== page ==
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Warriors hockey offers recreation, resources for local veterans

In a region where hockey rules among recreational sports, one team takes to the ice to help fellow veterans readjust to life after service. The 31-player Duluth Warriors hockey team boasts members of varying ages from all five branches of service.

Founded in 2016 by two local veterans, the Duluth Warriors are a member of the larger Minnesota Warriors program, an eight-team organization primarily based in the Twin Cities. The Warriors participate in weekly scrimmages and skates with other local hockey teams. All Warriors players have either a service-connected condition, or are in the process of being certified with such a condition.

The team competes annually in the USA Hockey Disabled Hockey Festival tournament. Last season, the team’s C division roster took home the Warrior hockey championship, defeating the Pittsburgh Warthogs in the title game.

After last season’s triumphs, the team is taking a different focus after losing nearly half of its membership.

“We’re heavy into recruiting and rebuilding the team this year,” said Dustin “Dusty” Oosten, player and board member. “We want to get more skills clinics and more ice time for the Warriors so our players can improve their skills.”

The team is open to servicemen and women of any skill level, even those who have never skated. Oosten, 57, learned to skate again two years ago when he joined the Warriors program. He hadn’t skated since his high school days.

“It’s a beautiful thing,” Oosten said, “We all get ice time.”

The Duluth Warriors practice at St. Luke’s Sports & Event Center in Proctor.

Aside from the physical activity, Warriors hockey offers the chance to socialize with other veterans and community members, something that Oosten says is pivotal for returning vets, especially those dealing with post-traumatic stress disorder.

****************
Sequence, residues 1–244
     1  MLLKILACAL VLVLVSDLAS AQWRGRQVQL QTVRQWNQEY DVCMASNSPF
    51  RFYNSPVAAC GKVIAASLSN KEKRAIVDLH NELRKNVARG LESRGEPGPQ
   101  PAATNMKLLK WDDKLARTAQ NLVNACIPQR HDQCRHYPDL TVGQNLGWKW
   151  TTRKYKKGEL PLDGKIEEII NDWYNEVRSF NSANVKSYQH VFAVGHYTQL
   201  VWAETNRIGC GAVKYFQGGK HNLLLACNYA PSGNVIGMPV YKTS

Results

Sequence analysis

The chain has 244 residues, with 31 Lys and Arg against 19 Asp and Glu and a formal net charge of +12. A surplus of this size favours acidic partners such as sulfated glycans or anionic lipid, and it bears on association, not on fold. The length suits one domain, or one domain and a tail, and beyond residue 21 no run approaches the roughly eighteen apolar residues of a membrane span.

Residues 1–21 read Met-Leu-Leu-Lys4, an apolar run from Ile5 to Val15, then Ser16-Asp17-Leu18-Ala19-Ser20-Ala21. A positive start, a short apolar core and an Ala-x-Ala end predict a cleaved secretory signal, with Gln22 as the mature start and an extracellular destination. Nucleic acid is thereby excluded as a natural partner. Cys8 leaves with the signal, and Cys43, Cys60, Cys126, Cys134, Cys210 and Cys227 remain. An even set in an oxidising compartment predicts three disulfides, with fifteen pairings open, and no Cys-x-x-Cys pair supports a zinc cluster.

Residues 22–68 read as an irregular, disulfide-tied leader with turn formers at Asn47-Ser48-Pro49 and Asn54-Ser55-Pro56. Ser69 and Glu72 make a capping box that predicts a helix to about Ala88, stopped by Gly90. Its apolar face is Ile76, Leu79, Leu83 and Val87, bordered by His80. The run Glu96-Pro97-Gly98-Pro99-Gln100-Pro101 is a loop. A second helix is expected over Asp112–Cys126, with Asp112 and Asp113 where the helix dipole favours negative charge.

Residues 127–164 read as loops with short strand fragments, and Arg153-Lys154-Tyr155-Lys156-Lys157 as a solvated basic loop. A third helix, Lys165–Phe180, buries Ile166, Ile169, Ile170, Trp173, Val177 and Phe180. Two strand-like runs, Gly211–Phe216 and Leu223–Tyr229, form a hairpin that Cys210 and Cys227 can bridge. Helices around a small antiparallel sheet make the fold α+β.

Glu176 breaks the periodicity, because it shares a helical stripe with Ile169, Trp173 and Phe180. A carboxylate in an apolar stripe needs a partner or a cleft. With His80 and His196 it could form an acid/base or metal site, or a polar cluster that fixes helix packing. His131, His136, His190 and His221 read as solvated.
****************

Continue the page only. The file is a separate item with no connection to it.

“The biggest part of Warrior hockey is social medicine,” Oosten said. “When we leave the military, we lose our significance. We lose our band of brothers connection. This is one way to get back that feeling of being part of a team again.”

Being a part of the team also means having a place to turn in times of need. Oosten knows the camaraderie is important to readjusting veterans, who often struggle with withdrawal and avoidance issues.

“When a brother or sister is struggling and they reach out to the team, the team helps,” Oosten said. “If we can’t help as a team, we know the resources in the community that can help.”

One of these resources is the Duluth Veterans Center, where Oosten himself works as a readjustment counseling therapist.

Despite his connection through his service and career, he knows there are others who could benefit from the social medicine that participating in Warriors hockey provides.

Other team members echoed the sentiment, highlighting the importance of getting the word out about their program. According to the most recent U.S. Census, there are more than 5,000 vets in Duluth, leaving plenty of room for the team to grow its ranks.

For more details about Duluth Warriors hockey membership and ways to get involved, visit mnwarriors.com or contact Oosten at the Duluth Veterans Center at 218-722-8654.

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